Due to its high public debt, it is doubtful whether Greece will make it on its own in the long run without new financial support, a report by Frankfurter Allgemeine Zeitung says.
This report comes after a comment made by Greek Finance Minister Euclid Tsakalotos to Reuters that Greece can not proceed with a bond issue at the present time because of the economic instability in Italy.
In an article titled “Italy Makes it Hard for Greece to Borrow from the Markets,” it is noted that after the end of the Greek ‘bailout’ program in August, there were expectations that the Greek government can go ahead with a new bond issue. Tsakalotos traveled to Boston and New York to attract new investors, but since then, the bond issue has been delayed.
In its report, Frankfurter Allgemeine Zeitung focuses on Tsakalotos’ statement that Greece is experiencing the consequences of Italy’s dispute with the European Commission over the Italian budget, and that Greece’s return to the bond markets has been “somewhat” delayed as a result.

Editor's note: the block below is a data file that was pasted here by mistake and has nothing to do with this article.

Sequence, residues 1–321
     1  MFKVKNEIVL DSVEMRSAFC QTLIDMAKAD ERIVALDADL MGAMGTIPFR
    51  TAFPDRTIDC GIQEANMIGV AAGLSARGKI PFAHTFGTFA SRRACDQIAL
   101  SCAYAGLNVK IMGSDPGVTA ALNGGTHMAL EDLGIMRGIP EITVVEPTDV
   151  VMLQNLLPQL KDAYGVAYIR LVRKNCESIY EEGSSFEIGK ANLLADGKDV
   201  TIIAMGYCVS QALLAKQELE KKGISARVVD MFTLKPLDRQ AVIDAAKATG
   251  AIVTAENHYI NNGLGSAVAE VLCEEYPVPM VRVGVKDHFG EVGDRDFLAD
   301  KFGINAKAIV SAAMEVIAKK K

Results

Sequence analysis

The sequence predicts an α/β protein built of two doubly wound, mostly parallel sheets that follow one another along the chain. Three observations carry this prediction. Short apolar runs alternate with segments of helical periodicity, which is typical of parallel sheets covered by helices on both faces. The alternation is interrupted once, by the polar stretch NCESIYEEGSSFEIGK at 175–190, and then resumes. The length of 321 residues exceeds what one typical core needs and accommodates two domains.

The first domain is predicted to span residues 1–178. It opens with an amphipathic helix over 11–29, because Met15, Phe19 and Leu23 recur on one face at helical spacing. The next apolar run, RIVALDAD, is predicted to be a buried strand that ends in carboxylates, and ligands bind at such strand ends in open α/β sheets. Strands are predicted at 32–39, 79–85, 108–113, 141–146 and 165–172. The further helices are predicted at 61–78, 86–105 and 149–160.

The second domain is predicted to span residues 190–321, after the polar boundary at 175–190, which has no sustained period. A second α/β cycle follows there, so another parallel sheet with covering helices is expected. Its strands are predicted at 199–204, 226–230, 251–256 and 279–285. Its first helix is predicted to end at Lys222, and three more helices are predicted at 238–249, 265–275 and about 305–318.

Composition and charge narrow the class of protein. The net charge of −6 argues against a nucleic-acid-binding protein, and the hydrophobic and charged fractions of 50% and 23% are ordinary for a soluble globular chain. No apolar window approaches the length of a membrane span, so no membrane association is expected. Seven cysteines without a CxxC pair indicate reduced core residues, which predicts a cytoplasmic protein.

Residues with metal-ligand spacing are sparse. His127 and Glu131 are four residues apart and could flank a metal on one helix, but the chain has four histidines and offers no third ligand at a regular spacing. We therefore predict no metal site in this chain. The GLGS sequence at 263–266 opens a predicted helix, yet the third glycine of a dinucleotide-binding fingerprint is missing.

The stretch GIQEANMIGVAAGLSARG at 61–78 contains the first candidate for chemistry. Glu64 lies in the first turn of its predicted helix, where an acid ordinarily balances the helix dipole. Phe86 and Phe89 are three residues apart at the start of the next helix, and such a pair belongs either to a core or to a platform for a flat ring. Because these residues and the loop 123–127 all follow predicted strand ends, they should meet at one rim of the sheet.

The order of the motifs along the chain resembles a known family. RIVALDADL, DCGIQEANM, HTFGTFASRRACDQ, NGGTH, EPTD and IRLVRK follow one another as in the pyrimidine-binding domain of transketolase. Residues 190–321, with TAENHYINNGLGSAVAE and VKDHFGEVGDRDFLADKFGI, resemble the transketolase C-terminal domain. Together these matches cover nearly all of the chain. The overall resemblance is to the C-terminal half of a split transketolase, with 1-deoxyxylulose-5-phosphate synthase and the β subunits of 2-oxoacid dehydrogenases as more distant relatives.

Despite the Greek finance minister’s reassurance that the Greek economy is under control, Frankfurter Allgemeine Zeitung casts doubt on this claim, stating that the Greek economy will likely need further financial support in the long run due to excessive public debt. The report ads that a new debt ‘haircut’ cannot be ruled out.
“Overall, the country continues to be heavily indebted, as it has received €289 billion in financial assistance. The government debt continues to amount to €310 billion, which corresponds to 180 percent of GDP. It is worth noting that the limit set by the Maastricht Treaty is 60 percent,” Frankfurter Allgemeine Zeitung says.
The yields of Greek bonds mirror the investment risk, the report adds, at 4.2 percent compared to Germany’s 0.2 percent. Even Cyprus, compared to Greece, offers a significantly lower yield of 2.4 percent.